**Simple correlation**

Correlation is a statistical method used to determine whether a relationship between two or more variables exists. It shows the strength of a relationship between two variables and is expressed numerically by its coefficient. When it is used to measure the relationship between two variables then it is called simple correlation. When the value of both variables increases (or decreases) in the same direction at the same time then it is called a positive correlation. But when the value of one variable is increased while the value of another variable is decreased at the same time then it is called negative correlation.

#### 1 Method of measuring the correlation between two variables say ‘X’ and ‘Y’

- The Scatter diagram (Scatter Plot)
- Karl Pearson’s correlation coefficient (r)(i)
**Scatter diagram**:

A Scatter diagram is the graphical method of measuring the relationship between two variables. In scatter plot, Pairs of data are plot in the graph by plotting the values of one variable along the X-axis and values of another variable along the Y-axis. A scatter of point so formed is called the scatter plot. If these plotted points show some trend either upward or downward then two variables are said to be correlated if these plotted points do not show any trend then two variables are said to be uncorrelated. Some types of relationships obtained by scatter plots are shown in the following figure.

ii) Karl Pearson’s (r): The coefficient of correlation between two variables say ‘X’ and ‘Y’ defined by Karl Pearson’s to measure the strength of the relationship between these two variables is denoted by ‘r’ and its value always lies between -1 and +1 and is calculated by using the following relations.

Where

r = Correlation coefficient and its value always lies between -1 and +1

n = Number of pairs of data.

**3 Interpretation (r)**

If r = 0, this means there is no correlation (relation) between two variables.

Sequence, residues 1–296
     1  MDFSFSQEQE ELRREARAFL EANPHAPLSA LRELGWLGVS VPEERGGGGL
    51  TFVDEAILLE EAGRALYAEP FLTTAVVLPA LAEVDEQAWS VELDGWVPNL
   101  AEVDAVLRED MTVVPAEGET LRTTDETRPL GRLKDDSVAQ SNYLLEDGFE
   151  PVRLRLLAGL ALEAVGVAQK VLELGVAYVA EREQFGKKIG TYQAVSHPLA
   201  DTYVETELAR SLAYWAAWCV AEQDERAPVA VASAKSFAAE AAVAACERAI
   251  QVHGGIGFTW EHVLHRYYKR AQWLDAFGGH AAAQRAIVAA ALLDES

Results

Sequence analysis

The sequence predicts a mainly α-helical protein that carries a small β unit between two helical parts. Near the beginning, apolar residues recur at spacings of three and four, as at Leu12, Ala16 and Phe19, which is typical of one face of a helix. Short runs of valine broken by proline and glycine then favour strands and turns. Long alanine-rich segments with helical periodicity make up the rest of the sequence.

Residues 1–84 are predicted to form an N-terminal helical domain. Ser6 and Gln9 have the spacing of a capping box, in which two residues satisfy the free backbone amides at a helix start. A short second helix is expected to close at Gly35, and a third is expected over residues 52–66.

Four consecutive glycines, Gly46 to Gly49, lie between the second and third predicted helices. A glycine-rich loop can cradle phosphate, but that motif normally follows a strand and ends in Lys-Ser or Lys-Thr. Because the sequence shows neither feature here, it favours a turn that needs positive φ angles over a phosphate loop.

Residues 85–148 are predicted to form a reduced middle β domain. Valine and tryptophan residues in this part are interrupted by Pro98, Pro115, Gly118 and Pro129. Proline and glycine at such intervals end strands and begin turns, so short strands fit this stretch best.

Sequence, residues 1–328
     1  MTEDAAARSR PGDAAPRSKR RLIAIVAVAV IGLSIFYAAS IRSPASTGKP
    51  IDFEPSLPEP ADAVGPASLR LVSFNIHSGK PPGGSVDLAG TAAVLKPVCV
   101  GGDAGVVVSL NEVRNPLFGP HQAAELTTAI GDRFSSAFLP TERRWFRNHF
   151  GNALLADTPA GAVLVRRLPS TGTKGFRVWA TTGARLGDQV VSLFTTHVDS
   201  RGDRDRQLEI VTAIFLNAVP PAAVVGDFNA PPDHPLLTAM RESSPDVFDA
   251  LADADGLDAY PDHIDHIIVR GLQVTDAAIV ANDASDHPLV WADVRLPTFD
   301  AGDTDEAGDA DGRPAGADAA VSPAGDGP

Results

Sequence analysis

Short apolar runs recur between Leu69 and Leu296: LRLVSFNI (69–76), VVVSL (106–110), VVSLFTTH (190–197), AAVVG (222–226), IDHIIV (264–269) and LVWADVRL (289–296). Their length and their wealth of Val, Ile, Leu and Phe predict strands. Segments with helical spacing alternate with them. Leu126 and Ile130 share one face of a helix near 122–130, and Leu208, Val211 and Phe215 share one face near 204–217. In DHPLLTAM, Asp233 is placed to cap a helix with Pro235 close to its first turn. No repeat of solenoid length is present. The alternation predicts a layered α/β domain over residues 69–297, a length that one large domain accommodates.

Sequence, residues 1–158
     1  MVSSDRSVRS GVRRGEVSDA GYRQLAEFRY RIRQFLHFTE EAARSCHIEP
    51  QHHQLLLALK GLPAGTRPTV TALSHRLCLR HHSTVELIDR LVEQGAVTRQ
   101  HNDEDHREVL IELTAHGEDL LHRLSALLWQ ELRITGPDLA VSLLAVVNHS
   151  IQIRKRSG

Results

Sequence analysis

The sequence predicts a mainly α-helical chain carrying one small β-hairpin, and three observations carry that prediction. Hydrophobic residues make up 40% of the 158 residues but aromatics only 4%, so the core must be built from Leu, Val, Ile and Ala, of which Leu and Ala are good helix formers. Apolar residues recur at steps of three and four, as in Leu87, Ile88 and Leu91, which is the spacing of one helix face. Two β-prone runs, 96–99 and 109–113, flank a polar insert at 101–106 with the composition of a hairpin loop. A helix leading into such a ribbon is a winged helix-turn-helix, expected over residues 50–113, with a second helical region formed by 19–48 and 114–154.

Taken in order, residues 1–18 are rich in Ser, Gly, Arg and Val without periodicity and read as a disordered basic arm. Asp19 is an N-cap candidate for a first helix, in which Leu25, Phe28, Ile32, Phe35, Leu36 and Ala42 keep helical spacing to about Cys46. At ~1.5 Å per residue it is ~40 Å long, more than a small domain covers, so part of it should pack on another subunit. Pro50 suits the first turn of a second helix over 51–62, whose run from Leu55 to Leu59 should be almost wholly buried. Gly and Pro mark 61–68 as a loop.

If r > 0, this means there is a positive correlation between the two variables.

If r < 0, this means there is a negative correlation between the two variables.

If r = -1, this means there is a highly (perfect) negative relationship between two variables.

If r = +1, this means there is a highly positive relationship between the two variables.

**4 Test of significance:**

The test statistics to test the significance of the correlation coefficient are obtained under the assumption that in the null hypothesis, the population correlation coefficient is set to be zero. Thus, the null and alternative hypotheses are set as

**Null hypothesis**

(H0): β = 0 (This null hypothesis means that there is no correlation between the x and y variables in the population.)

**Alternative hypothesis**

(H1): β ≠ 0 (This alternative hypothesis means that there is a significant correlation between the x and y variables in the population). (Two-tailed)

If the null hypothesis is accepted then you can conclude that there is no association between the two variables. But if an alternative hypothesis is accepted then you can conclude that there is a significant association between the two variables.

It follows the student’s t-distribution with (n-2) degree of freedom.

**Decision:** if the calculated value of the test statistics (t_{cal}) is less than the tabulated value (t_{tab}) then null hypothesis is accepted otherwise null hypothesis is rejected. i.e.

If t_{cal} < t_{µ}_{, n-2}, then null hypothesis is accepted. Otherwise, the alternative hypothesis is accepted.

Where

t_{µ}_{, n-2 =} tabulated value of ‘t’ at (n-2) degree of freedom and ‘µ’ level of significance, obtained from two-tailed t-table.

n = number of pairs of data.

µ = level of significance

r = sample correlation coefficient

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